There’s no high school basketball LeaguePass — yet. Aside from the Bronny James hypebeast machine, the top prospects in the upcoming draft are previewed to the general public through the diligent scouting done by professional analysts or scouts who scour camps, national showcases, and high school gymnasiums for the teenage prospects perfecting their craft outside the national limelight. But who’s watching the NBA Draft watchmen?
On Wednesday, ESPN’s lead NBA Draft analyst, Jonathan Givony vexed the basketball community again by dropping his inaugural mock for the 2024 Draft. Most notably, Givony’s crystal ball ranked James as a future top-10 pick, which is ahead of where the consensus is on King James’ son by a country mile.
Bronny was always expected to be a one-and-done project whether he decides to play in the G League for a year or commits to a blue-blood program. There’s nothing embarrassing about being a 6-foot-3, 4-star prospect. Dwyane Wade couldn’t make that claim at the same age. But the growth spurt that could have propelled him to 5-star status never came. He has the highest NIL valuation of any player in the country because of his famous father, but the marketing aspect doesn’t match his upside. One anonymous coach told The Athletic last month, “The expectation doesn’t match the talent level, or at least not yet.” That was when he was the 45th-ranked player in his high school class.
Givony really believes in Bronny
Strangely, Givony who founded NBA scouting hub, DraftExpress, has been the most optimistic voice in the scouting community for Bronny. A month ago, Givony went out on a limb by awarding Bronny a first-round grade for the 2024 NBA Draft and complimented him as one of the best two-way players in high school basketball. After getting scrutinized for that questionable assumption, Givony doubled down in his 2024 mock and elevated him to top-10 pick status.
There’s no science to this though. Givony’s prediction that the Orlando Magic would be the team to take a chance on Bronny in the lottery, despite their extensive backlog of young point guards including Jalen Suggs, Cole Anthony, and Markelle Fultz is clickbait or a troll move.
LeBron has vowed to play at least one season wherever his son gets drafted. However, two years ago, on an episode of HBO’s The Shop, LeBron singled out the Magic as a franchise he’d never play for.
Remarkably, Bronny is the only 4-star recruit in Givony’s top 10. The other nine are either five-star prospects or teenage professionals abroad. Here’s a quick rundown of the players he foresees going ahead of Bronny. There aren’t even any college sophomores or juniors in consideration.
A look at some of the projected top picks
Givony’s projected No. 1 overall pick is Matas Buzelis, the New Hampshire Gatorade Player of the Year, who is a really good player, but not one that leaves teams salivating over the 2024 class unless a front runner emerges from the pack in the next 12 months. Givony’s projected No. 2 pick, Cody Williams is a 6-foot-7 wing who committed to Colorado and has his own famous NBA kinfolk in Oklahoma City Thunder wing Jalen Williams.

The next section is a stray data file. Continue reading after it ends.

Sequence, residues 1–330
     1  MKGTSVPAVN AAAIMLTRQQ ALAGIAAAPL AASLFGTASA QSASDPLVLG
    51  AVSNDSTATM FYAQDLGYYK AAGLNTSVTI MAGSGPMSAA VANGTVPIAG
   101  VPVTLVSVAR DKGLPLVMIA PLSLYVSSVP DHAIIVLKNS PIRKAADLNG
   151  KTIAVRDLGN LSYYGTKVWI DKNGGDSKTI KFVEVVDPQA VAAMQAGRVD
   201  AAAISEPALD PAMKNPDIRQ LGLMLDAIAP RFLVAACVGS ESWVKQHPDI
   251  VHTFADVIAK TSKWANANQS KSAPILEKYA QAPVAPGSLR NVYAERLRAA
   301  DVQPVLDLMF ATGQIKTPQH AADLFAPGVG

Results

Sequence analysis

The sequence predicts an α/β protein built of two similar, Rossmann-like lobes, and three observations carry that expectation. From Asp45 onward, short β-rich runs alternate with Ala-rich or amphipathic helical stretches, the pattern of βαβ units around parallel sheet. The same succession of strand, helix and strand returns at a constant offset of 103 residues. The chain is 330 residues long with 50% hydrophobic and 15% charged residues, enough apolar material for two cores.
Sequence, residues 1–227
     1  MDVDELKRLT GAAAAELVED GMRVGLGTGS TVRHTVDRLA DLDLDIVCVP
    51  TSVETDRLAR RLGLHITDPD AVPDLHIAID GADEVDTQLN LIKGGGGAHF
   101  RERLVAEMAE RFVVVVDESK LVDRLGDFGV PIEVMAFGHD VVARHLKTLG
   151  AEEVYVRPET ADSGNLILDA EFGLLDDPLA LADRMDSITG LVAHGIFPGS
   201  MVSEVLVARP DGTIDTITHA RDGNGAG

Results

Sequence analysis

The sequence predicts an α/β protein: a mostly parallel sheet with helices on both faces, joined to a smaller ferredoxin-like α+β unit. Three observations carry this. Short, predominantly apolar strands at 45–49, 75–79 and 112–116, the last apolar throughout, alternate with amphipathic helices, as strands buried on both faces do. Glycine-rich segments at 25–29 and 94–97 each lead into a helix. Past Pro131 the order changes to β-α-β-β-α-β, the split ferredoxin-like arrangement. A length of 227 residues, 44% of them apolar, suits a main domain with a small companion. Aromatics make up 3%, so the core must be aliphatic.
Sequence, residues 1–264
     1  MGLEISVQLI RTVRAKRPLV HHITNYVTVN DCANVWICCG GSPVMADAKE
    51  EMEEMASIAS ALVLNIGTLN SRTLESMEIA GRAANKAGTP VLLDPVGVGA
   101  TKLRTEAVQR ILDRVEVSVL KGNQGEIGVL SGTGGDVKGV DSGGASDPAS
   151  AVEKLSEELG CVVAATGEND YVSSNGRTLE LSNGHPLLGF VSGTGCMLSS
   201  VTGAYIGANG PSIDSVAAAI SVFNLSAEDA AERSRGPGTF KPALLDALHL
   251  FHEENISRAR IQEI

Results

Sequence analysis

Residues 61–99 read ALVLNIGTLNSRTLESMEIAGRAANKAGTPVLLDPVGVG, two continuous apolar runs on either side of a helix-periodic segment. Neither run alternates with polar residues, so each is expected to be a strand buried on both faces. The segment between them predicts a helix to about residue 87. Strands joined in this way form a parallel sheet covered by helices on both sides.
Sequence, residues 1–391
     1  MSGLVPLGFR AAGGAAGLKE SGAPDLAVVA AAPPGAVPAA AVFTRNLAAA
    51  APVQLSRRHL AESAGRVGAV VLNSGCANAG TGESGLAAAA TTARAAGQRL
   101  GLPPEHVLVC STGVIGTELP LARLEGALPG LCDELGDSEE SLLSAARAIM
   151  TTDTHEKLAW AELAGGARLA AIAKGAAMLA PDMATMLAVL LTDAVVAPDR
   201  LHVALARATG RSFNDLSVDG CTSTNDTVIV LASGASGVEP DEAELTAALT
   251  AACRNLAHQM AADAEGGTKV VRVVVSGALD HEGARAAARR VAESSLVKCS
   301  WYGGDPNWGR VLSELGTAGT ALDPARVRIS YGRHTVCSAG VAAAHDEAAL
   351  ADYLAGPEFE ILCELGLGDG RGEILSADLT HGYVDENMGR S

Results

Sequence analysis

D.J. Wagner is considered the number overall prospect in the 2023 prep class, and is projected by Givony to be the seventh overall pick for Washington –which is depressing considering they just gave $250 million to Bradley Beal this offseason and drafted an all-time draft bust at guard less than 12 months ago.
Since his breakthrough on the 2022 Nike EYBL circuit though, Bronny’s play has opened eyes occasionally, but he doesn’t consistently stand out against high school competition and may not be the best player on Sierra Canyon’s roster. Bronny’s game is more cerebral than the gaudy stats you’d see from Wagner or a Mikey Williams-type guard, but a top-10 projection feels like Givony’s going overboard with his evaluations. Or maybe the 2024 draft is that low rate.
Helps to have famous kin
Without the name, Bronny’s trajectory would resemble Laker point guard Scotty Pippen Jr. and his path from a heady 3-star prototypical distributor for Sierra Canyon, to an All-SEC performer at Vanderbilt for three years to a developmental NBA prospect on a 2-way contract.
Givony’s recent proclamation anointing Bronny as a lottery pick from the ESPN mountaintop might accelerate the synchronized group-think that tends to result in prospects getting bumped up. A year ago, Bronny was slipping in most recruiting service rankings after drifting in the background on Sierra Canyon’s star-studded roster.
He has flashed the potential to be a Day 1 starter for a major conference program, but there are 50 guys like that in every class. In a vacuum, he’s only a one-and-done prospect and a future lottery pick if you factor a 39-year-old LeBron’s inclusion into the equation. I could understand Givony finessing his way into honorary Team LeBron member status. Being connected with LeBron helped his boys become moguls. Rich Paul is dating Adele and Bronny will be one of the most coveted amateur hoopers in the world next year. Maybe there really is something to the cliché that LeBron’s unselfishness makes his teammates better.